IMAGE: Santorum campaigns
William Thomas Cain  /  Getty Images
Sen. Rick Santorum (R-Pa.), left, speaks with Jim Leahy at the Mayfair Diner in Philadelphia on Oct 1.
updated 10/5/2006 10:18:03 AM ET 2006-10-05T14:18:03

Rick Santorum has spent 12 years in the Senate — and millions of dollars on TV ads for a third term. Yet a lot of Pennsylvania voters just plain don’t like him.

Polls show Santorum’s approval rating is in the 30s, just about what it was a year ago. Roughly the same number of voters view him unfavorably as favorably.

Questions over the use of Pennsylvania tax dollars to pay for the cyber schooling of his six children in Virginia continue to dog him. Anger lingers over comments he made in a book last year criticizing some working parents, as well as statements he made in opposition to same-sex marriage and in support of keeping Terri Schiavo alive.

“Santorum’s real problem is Santorum,” said Clay Richards, a Quinnipiac University pollster.

A confident politician with youthful good looks, Santorum is banking on his reputation as a hard worker who brings home the federal dollars, and the clout he has as the No. 3 Senate Republican. Pennsylvania is a Democratic-leaning state, and working for votes is nothing new to him.

He frequently boasts that with him, you at least know where he stands on issues.

Sticking by Bush
Some GOP candidates are distancing themselves from President Bush, but Santorum said he’s not. “Just because the president is down in the polls, I’m not someone who is going to walk away from him,” he said.

In a tactical nod to his unpopularity, Santorum’s campaign has run positive TV ads in an attempt to soften his image. In a funny one titled “Polka,” he bumps into a woman on a dance floor who thanks him for what he does and then tells him, “Move it or lose it.”

He’s sponsored women’s forums and has a section on his campaign Web site, “I heard it around the water cooler,” that attempts to debunk some perceptions about him.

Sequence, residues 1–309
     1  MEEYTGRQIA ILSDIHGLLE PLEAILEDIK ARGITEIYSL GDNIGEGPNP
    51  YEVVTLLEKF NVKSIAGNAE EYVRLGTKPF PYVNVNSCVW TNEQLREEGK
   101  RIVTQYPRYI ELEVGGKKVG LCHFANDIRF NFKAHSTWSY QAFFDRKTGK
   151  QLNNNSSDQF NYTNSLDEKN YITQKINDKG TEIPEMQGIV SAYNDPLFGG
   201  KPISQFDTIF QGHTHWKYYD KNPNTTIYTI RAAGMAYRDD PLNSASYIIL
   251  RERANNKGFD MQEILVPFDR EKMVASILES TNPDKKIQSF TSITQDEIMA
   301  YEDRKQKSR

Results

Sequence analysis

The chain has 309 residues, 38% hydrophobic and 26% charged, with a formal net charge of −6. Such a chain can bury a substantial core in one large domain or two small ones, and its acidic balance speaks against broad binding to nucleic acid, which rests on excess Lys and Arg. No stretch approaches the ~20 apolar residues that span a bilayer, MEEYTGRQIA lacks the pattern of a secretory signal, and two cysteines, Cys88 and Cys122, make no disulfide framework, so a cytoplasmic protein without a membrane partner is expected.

Harsh advertisements
His strategy is also to question the integrity of state treasurer Bob Casey, his Democratic opponent who has a lead in the polls.

2006 key racesSantorum has run harsh TV ads attempting to link Casey to corruption. He’s also accused Casey of relying on the name of his father, the late Gov. Robert P. Casey, to get elected. He’s said Casey doesn’t take tough stands on issues and avoids debates, even though Casey has already done one and has agreed to three more.

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To make his point at a forum this week sponsored by the Pennsylvania Chamber of Business and Industry, Santorum pushed an empty chair across the stage even though there was already one there for him next to “60 Minutes” correspondent Lesley Stahl, the forum moderator.

After discussing the threat of Iran, a frequent subject he broaches these days, he turned to the empty chair and said, “I’d like to hear what my opponent has to say about this.” The crowd of several hundred laughed and applauded.

“I think I owe you, the people of Pennsylvania. I owe them my best. I owe them my energy, my passion, my conviction,” Santorum said at the forum.

It’s a message that has appealed to some voters like Janet Planutis, 62, a hospital dietary worker in Hazelton, Pa. The Democrat said she’s likely going to vote for Santorum because of his tough stand against illegal immigration. She said she’s seen a more positive side of him in ads, although she doesn’t like his negative ads.

“To me, he sounded and looked arrogant in the past. His political advertising makes him look a little less so lately,” Planutis said. “I’m really surprising myself. I never voted for him in the past. I am leaning towards voting for him.”

Casey answered one of Santorum’s attack ads with one featuring Gov. Ed Rendell calling the ad “trash.” Another says Santorum’s “record and his attack ads are a disgrace.”

In TV ads, Casey has reminded voters about Santorum’s book, in which he wrote that both parents shouldn’t work outside the home if they can survive on one income. The Casey campaign has also dumped hundreds of unflattering clips of Santorum on YouTube, a Web site that usually features wacky videos. In appearances and in ads, Casey reminds voters that Santorum votes with the president 98 percent of the time.

Mixed emotions
Democrats are counting on voters like Steve Hutton, 55, a Democrat who owns a nursery in Chester County. After he heard Santorum speak at the forum in Hershey, Hutton said he respects Santorum because he is “one of the very rare politicians that will take a stand he believes is right ... and he’ll be very vocal about it.”

But Hutton said he won’t be voting for Santorum in the general election on Nov. 7.

“Most of the stands he takes are ones I’m not comfortable with,” Hutton said.

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